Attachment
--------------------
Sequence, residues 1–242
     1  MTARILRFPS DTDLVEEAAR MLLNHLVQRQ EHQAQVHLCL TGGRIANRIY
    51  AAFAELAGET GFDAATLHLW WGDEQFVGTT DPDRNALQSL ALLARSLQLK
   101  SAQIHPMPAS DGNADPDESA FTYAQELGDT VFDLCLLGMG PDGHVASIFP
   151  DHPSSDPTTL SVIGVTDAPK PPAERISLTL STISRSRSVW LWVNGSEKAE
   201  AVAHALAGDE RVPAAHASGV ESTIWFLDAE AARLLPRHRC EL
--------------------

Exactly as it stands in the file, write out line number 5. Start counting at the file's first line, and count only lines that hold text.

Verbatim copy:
   151  DHPSSDPTTL SVIGVTDAPK PPAERISLTL STISRSRSVW LWVNGSEKAE